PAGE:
A department store reported a profitable Q3 this week. Really.
The beleaguered sector, which has produced bankruptcies more than success stories, was redeemed by Dillard’s as it rode impressive cost controls and inventory management to post a profit. According to a statement from Dillard’s CEO William T. Dillard II, the 285-store chain achieved a 249-basis-point gross margin improvement for Q3, with ending inventory down 22 percent. Additionally, the company cut expenses by $100 million.
Dillard’s has been a bright spot in the department store space. Even though its comp sales were off 24 percent year over year, it posted $31 million in net income. The chain was buoyed recently when it was disclosed that Berkshire Hathaway’s Ted Wechsler bought more than a million shares of the company’s outstanding stock, which spiked the stock price and set off a “what’s he thinking” round of speculation among analysts.
“No department store is terribly strong right now,” said Matt Frankel in The Motley Fool. “But I would put Dillard’s, I mean, obviously in a category above, like, JCPenney, which is already bankrupt. But even above Macy’s or some of the other ones, Dillard’s seems to be doing better than all of its peers. So I’m thinking maybe they’re thinking it might be like a ‘last man standing’ type of play.”
One of the things that has helped Dillard’s is real estate. The retailer owns 244 of its stores, giving it the advantage of appreciation rather than degradation of its store assets. Like its strategies in other areas, Dillard’s focuses on controlling expenses along with driving revenue, which is how it achieved profitability as its competitors have struggled and even filed for bankruptcy.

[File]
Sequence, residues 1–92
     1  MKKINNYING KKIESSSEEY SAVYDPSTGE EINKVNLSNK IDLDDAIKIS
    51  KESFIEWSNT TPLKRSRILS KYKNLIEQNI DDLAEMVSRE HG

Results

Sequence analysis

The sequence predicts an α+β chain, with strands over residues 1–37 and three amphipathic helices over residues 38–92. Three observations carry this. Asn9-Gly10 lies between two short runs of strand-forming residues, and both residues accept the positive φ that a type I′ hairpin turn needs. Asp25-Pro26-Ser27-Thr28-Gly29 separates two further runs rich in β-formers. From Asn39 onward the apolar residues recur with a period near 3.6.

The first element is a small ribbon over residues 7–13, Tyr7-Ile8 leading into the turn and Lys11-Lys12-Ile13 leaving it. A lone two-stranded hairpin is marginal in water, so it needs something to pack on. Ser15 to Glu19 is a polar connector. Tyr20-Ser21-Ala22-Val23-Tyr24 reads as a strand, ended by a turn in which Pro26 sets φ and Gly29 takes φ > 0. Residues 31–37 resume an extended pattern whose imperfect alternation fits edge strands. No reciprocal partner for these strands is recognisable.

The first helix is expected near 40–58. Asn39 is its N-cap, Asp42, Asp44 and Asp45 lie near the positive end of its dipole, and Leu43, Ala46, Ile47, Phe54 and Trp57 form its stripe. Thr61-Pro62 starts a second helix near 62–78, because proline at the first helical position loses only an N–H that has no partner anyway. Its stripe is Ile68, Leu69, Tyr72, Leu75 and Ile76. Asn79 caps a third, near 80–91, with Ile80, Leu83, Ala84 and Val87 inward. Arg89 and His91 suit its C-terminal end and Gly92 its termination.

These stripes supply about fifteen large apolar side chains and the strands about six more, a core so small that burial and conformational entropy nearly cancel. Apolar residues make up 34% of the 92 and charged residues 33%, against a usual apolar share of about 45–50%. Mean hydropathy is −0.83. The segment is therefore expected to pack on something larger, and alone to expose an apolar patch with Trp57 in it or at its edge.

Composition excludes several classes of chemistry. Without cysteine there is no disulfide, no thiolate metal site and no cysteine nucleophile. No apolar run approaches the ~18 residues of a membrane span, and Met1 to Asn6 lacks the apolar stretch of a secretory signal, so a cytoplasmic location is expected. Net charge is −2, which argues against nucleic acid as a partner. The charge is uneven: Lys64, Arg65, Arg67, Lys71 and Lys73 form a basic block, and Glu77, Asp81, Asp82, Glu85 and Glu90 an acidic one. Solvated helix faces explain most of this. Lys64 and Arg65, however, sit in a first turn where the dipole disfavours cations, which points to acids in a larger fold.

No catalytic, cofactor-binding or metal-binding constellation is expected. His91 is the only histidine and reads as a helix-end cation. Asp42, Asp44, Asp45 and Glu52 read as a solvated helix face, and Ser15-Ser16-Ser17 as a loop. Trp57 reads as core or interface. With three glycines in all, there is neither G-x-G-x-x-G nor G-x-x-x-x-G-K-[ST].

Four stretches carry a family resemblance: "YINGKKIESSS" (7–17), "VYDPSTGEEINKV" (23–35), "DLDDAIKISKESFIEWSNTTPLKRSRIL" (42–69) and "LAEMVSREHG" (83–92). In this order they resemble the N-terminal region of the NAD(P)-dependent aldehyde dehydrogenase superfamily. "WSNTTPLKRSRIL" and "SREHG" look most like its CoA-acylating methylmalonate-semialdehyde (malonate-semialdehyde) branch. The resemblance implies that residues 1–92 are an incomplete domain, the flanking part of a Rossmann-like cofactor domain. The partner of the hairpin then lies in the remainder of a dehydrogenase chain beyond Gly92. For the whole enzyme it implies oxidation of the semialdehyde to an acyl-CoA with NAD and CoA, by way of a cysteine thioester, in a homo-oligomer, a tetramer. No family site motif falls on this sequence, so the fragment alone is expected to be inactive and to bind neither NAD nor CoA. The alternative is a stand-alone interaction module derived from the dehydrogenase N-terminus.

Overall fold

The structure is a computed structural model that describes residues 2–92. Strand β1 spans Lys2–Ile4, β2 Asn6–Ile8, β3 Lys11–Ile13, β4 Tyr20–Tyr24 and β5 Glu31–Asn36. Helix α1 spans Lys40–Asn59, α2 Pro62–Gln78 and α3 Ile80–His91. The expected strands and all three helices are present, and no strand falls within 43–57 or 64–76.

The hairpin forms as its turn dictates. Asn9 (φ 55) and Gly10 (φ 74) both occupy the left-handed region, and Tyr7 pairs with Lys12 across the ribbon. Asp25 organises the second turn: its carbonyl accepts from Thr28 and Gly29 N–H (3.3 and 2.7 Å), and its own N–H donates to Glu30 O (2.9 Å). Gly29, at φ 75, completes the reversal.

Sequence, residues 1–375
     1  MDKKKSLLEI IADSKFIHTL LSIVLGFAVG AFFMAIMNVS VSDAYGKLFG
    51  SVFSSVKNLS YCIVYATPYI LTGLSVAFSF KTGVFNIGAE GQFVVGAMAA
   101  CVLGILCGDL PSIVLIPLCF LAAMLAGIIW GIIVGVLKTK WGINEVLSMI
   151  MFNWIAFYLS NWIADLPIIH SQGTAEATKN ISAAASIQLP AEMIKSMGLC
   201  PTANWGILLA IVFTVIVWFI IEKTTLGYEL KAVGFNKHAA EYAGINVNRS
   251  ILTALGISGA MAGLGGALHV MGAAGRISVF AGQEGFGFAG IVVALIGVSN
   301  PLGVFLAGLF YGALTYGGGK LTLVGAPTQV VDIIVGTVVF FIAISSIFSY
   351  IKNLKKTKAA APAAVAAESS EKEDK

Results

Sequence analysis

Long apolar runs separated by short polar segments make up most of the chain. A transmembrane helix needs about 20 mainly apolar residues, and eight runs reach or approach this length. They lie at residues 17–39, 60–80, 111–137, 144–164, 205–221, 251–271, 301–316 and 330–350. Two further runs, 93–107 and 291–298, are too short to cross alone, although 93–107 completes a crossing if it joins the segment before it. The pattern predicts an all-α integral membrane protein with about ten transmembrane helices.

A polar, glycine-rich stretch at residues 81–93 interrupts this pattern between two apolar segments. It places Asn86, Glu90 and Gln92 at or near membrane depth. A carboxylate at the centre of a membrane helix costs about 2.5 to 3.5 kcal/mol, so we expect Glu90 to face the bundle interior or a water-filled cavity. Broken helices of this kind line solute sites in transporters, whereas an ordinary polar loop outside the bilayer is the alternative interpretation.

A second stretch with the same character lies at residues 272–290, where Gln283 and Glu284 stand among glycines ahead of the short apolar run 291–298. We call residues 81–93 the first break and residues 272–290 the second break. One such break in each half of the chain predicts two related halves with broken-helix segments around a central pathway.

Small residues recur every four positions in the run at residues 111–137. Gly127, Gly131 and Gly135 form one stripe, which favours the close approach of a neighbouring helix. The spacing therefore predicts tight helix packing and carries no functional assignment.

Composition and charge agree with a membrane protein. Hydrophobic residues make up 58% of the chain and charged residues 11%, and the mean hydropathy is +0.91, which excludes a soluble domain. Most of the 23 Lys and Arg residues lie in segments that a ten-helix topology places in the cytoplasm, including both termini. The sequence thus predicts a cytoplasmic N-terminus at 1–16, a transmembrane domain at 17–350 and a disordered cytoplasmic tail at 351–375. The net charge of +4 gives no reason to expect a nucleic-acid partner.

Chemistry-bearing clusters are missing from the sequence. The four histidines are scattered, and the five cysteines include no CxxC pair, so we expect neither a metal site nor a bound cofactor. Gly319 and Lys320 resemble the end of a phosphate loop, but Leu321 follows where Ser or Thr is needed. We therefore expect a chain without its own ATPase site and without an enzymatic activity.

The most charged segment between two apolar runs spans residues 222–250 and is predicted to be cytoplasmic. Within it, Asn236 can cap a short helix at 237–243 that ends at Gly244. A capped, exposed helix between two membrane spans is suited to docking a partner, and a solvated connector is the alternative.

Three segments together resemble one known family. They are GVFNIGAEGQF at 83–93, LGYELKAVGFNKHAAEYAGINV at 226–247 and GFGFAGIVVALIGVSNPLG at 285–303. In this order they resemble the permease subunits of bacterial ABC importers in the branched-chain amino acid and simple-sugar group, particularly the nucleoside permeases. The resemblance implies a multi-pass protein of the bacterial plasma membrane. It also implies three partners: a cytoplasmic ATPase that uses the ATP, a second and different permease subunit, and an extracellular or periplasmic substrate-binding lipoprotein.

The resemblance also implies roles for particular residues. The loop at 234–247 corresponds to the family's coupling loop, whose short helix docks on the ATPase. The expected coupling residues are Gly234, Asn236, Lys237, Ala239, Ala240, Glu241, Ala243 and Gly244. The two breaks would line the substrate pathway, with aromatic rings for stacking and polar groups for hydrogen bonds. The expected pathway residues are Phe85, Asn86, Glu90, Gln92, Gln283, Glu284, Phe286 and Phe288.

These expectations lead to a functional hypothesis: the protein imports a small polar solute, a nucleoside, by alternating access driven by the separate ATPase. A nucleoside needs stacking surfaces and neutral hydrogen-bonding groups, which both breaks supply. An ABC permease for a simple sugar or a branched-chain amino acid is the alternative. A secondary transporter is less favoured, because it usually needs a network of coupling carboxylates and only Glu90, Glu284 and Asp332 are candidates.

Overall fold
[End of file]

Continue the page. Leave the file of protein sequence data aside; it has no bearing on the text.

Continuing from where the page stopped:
Those competitors will start to report their Q3 earnings next week. Macy’s will report on Thursday (Nov. 19); it is expected to show a similar decline in comp store sales, but it will be surprising if it’s able to show the cost controls and profits that Dillard’s has achieved. Analysts have been brutal not only in their earnings previews for Macy’s, but also in their assessment of its prospects for survival.
“Most Macy’s stores anchor shopping malls,” noted Investor Place. “Many shopping malls have died, while others are on life support. Macy’s doesn’t sell food, unless you consider high-end chocolate and packaged ground coffee to be food. The stores shut when the pandemic hit and have only gradually reopened. Even those that have more fully reopened aren’t doing much business. Macy’s lost $11.53 per share during the first quarter of the pandemic and another $1.38 in the second quarter. It’s expected to lose another 81 cents per share this quarter.”